I can theoretically nest an infinite number of div tags (stormstoopers) inside one another then target it with an infinitely long list of div selectors in the css and yet it will still be trumped by a single sithlord ID selector.

div div div div div div div div … infinity … div
{
color: goldenrod;
}

Will lose a fight with

#hoopla
{
color: indianred;
}

Assuming that the last div tad has an ID of hoopla clearly...

[edited to lessen the chance of being picked up on pedantic points whilst being a pedant ;)]

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Have you lot been out on the

Have you lot been out on the lash after work or somit?

At risk of seeming humourless I think that site has a terrible garbled confused method of explaining things (almost as bad as mine earlier) I think the W3C explanation is quite clear for once and doesn't really need to changed causing confusion to reign in that galaxy far far away.

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briski wrote:You can have as

briski wrote:
You can have as many elements as you want!

Yes I can guess you can have as many element selectors in your CSS like that but I meant there aren't as many elements themselves, ie, you've only got div, p, ul, li etc.

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briski
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Hugo wrote:Have you lot been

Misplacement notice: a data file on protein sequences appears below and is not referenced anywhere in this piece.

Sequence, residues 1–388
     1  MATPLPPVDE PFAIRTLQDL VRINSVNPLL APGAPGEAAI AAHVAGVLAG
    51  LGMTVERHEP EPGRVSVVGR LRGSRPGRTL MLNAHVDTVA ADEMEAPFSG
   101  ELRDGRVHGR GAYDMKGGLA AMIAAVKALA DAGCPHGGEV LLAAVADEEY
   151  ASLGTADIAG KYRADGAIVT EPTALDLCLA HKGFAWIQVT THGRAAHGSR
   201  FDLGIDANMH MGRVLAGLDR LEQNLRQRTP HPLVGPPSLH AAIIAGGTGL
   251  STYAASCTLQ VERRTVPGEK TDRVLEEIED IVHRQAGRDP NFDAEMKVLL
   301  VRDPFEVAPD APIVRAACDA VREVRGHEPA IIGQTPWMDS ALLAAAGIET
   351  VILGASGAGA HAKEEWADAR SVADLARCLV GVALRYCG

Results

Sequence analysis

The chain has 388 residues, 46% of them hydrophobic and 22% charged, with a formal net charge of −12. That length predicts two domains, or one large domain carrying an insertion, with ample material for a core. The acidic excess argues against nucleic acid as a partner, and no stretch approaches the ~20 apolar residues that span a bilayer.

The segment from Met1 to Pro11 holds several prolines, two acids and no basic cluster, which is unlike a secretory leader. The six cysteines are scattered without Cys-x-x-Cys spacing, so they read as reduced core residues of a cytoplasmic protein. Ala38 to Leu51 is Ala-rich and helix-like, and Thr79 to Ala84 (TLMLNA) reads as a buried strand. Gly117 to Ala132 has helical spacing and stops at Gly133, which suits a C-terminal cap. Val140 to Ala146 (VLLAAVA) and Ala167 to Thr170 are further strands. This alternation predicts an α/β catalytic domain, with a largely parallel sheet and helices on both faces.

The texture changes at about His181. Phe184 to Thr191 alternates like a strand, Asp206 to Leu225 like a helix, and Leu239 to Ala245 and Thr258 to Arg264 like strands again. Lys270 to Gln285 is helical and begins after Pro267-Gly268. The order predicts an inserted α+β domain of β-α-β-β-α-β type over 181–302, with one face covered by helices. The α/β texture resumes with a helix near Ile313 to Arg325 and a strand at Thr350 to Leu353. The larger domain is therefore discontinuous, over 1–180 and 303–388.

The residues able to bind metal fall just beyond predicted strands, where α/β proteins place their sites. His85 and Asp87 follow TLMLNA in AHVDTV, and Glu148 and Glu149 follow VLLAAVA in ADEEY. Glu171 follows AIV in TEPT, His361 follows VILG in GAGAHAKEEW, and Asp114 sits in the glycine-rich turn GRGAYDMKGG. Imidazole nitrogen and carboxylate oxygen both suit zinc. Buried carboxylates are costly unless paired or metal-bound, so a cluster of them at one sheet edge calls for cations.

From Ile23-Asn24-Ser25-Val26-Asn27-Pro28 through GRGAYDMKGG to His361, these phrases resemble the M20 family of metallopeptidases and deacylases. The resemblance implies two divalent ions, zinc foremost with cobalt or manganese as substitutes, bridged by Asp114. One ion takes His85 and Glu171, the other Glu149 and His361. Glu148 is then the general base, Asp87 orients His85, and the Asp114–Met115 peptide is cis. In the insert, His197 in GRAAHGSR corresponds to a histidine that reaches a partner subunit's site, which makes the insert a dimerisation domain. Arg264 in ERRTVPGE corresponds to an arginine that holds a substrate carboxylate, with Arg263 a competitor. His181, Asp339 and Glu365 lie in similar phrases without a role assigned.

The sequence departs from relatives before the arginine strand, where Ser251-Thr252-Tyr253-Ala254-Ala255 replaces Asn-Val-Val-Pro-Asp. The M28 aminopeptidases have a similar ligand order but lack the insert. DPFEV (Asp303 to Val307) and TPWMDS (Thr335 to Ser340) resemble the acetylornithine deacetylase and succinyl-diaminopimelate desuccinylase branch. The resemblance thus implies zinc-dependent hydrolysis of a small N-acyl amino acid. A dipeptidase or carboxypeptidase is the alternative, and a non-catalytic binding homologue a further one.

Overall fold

Hugo wrote:
Have you lot been out on the lash after work or somit?

Sadly not no.

Whilst I agree that the W3C thing is fine, clearly it it not that great for everyone as this issue trips lots of people up at the start. It's always helpful to have a number of different explanations so that there is less chance of misinterpreting one.

If the Sith lords are too much there is always the sensible version at

http://www.molly.com/2005/10/06/css2-and-css21-specificity-clarified/

although it's pretty much the same.

Also whoever put them two fighting urchins in my previous post, thanks, now I look even more the freak Smile

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briski wrote: Also whoever

briski wrote:

Also whoever put them two fighting urchins in my previous post, thanks, now I look even more the freak Smile

As if you needed any help Daft visor Smile